can never be completely sure. Take Lanayda Prink for example.
She donates her entire collection of coffee mugs to the museum,
including all the mugs from all her trips out West, and does she
get invited? Something tells me she won't. And boy, will she be
steamed! It shows that you can never be too polite to your postal
"And now, Hermux, who is your interesting new friend?"
Hermux turned to make the introductions. But the old
chipmunk was gone. He had sneaked out of the shop without
making a sound.
"I'm afraid I don't know his name," said Hermux. "A
nervous, odd fellow. He says he knew my father. But he didn't
say how. I never found out what he wanted. I don't even know
where he's from."
Hermux ran the tip of his paw thoughtfully over the workbench
where the old chipmunk had set his knapsack.
"Although from the looks of this sand, I would say that until
recently he's been out West. Probably in the desert."
Who's in Charge?
* * *
"I don't care how famous she is!" the mayor shouted into the
telephone. "I don't care if she was blind! I don't care if she was
first mouse on earth! I will not have obscene art at the Pinchester
Museum. It won't happen! And that's that! I'll take the place
apart brick by brick and sell it for scrap. Tell that to the board
of directors!" He slammed the receiver down with a bang.
Hooster Pinkwiggin was not a wood rat to be trifled with.
He had a vicious temper, especially during election years, and a
tendency to snap first and ask questions later. Several of his assistants
had the scars to prove it. One by one they scooted back
as he glared at them in a fury.
"Paintings of cats!" he screamed. Unable to reach a single
assistant, he grabbed a pencil off his desk and bit it in two with
a sharp snap. That seemed to calm him for a moment. But not a
"Is the woman completely mad? Does she want to frighten
everyone to death with her nonsense? Is she some sort of sick
publicity hound? Pinchester is a civilized city! We don't speak
about cats in public. We don't read about them in books. We're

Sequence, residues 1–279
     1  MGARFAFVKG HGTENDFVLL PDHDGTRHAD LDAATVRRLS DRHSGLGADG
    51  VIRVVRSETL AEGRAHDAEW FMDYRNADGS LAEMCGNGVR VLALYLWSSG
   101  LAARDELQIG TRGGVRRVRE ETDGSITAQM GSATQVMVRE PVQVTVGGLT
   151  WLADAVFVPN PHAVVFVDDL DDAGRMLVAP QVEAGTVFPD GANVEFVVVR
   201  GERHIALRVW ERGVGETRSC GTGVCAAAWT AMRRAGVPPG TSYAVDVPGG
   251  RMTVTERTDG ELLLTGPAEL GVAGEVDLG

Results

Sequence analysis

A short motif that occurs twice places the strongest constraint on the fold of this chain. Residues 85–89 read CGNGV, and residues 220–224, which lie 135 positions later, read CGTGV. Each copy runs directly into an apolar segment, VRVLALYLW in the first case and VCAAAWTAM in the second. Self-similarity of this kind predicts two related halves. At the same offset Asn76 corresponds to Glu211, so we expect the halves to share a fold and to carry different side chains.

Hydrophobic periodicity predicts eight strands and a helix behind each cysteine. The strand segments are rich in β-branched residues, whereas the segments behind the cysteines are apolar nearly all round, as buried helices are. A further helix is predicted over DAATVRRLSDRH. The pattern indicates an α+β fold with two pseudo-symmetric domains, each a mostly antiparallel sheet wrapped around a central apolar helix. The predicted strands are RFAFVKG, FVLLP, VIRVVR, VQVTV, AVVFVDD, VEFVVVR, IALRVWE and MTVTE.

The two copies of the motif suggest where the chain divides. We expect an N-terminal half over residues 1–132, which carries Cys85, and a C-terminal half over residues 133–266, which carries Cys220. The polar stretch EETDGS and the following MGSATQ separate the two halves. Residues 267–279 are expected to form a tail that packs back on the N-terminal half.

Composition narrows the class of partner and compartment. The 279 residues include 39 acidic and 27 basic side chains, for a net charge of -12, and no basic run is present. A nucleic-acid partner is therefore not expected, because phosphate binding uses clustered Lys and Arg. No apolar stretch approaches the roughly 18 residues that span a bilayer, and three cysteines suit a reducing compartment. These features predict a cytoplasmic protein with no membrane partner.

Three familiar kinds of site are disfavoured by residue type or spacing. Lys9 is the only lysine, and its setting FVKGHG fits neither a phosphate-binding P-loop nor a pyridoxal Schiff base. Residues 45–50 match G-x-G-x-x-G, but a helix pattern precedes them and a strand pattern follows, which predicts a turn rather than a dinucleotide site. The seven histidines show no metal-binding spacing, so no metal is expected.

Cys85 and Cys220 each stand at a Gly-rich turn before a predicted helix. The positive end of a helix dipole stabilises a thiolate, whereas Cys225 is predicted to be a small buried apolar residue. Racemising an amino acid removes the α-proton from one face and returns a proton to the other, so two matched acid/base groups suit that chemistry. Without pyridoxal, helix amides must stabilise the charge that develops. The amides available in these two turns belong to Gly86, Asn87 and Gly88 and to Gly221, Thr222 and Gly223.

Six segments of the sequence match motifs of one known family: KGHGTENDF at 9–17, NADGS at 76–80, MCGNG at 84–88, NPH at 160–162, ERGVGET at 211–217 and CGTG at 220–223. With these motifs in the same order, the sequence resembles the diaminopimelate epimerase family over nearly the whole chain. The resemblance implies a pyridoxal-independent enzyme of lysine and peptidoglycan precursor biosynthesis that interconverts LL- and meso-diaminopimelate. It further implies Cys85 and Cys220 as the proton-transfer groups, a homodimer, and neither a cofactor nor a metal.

certainly not going to show paintings of them in the museum!"
"Mmmmh ... Mayor Pinkwiggin?" interrupted an earnest-looking
squirrel with an unusually bushy tail.
"There seems to be one more problem with Miss Stentrill's
portraits of cats."
"Apparently they're nude-"
"Nude?" exploded the mayor. "Nude?! How can cats be
nude when no one has ever seen one to begin with? How can
they be nude when they never even existed! What kind of wacko
nut is this Stentrill woman?"
His lips curled up in an ugly snarl. The assistants took bigger
steps farther back. The Mayor grabbed the telephone cord
with his front teeth. The powerful muscles in his jaws flexed.
Then he remembered the nasty shock he'd gotten the last time
he'd bitten through a lamp cord.
"I won't stand for it!" he screamed. The telephone went
"I will not be made a fool of!" he bellowed.
"They'll be sorry they tangled with me!" he roared.
"This is war!" he screeched. He legs went stiff with rage. He
began to turn himself around and around in his swivel chair.
Faster and faster.
"Close the museum immediately!" he thundered as he came
around the first time. His feet sent the desk lamp flying.
"Lock it!" he cried, spinning by. The photos of his wife and
his children and his rowboat fell over with a crash.
"Bar the door!" he snarled. Coffee cups spilled their coffee.
"Chain it!" he blared. Sugar cubes rolled from the sugar
bowl like dice.
"Nail it shut!" he croaked as he slowed to a stop. "Arrest
everybody inside!" A tower of carefully typed reports leaned
and swayed back and forth, back and forth.
"Mayor Pinkwiggin, I'm afraid that's going to be more difficult
than you think," explained the squirrel, who eyed the
teetering stack of reports hopefully. He had been up half the
night working on those reports, and getting the pages in the right
order had been harder than you'd think.
"You're new here, aren't you?" asked the mayor, sitting up
in his chair to get a better look at the squirrel.
"Yes, sir! I am!" said the squirrel.
"And your name?"
"Birbir, your honor," he said proudly. "Birbir Nifftin."
"Well, Birbir," said the mayor, leaning forward over his
desk. "Why don't you explain to me exactly what the big difficulty
"Well, sir," Birbir began. The other assistants took shelter
behind whatever furniture they could find. Birbir himself was
trying to back toward the door but discovered that the long fur
on his tail was somehow twisted up in the mayor's chair. "The
problem is the museum. You see, the city doesn't own the Pinchester
Museum. The museum owns it. It's actually private
property. We can't tell them what to do."
And that was really too much for the mayor, especially during
an election year. He launched himself at Birbir with his teeth
flashing and nipped him right on the arm.
"Ouch!" squeaked Birbir. "That hurt!"
Birbir's tail whipped spastically, and the mayor's chair un-spun
like a wild top. It threw the mayor against his desk, scooted
across the floor, knocked over the water cooler, and bounced
out the window. It landed with a loud crash on the mayor's new
car three floors below.
"We'll see who owns the Pinchester Museum!" panted the
Excerpted from The Sands of Time
by Michael Hoeye
Copyright © 2002
by Michael Hoeye.
Excerpted by permission.
All rights reserved. No part of this excerpt may be reproduced or reprinted without permission in writing from the publisher.
Excerpts are provided by Dial-A-Book Inc. solely for the personal use of visitors to this web site.
and post it to your social network
Most Helpful Customer Reviews
See all customer reviews >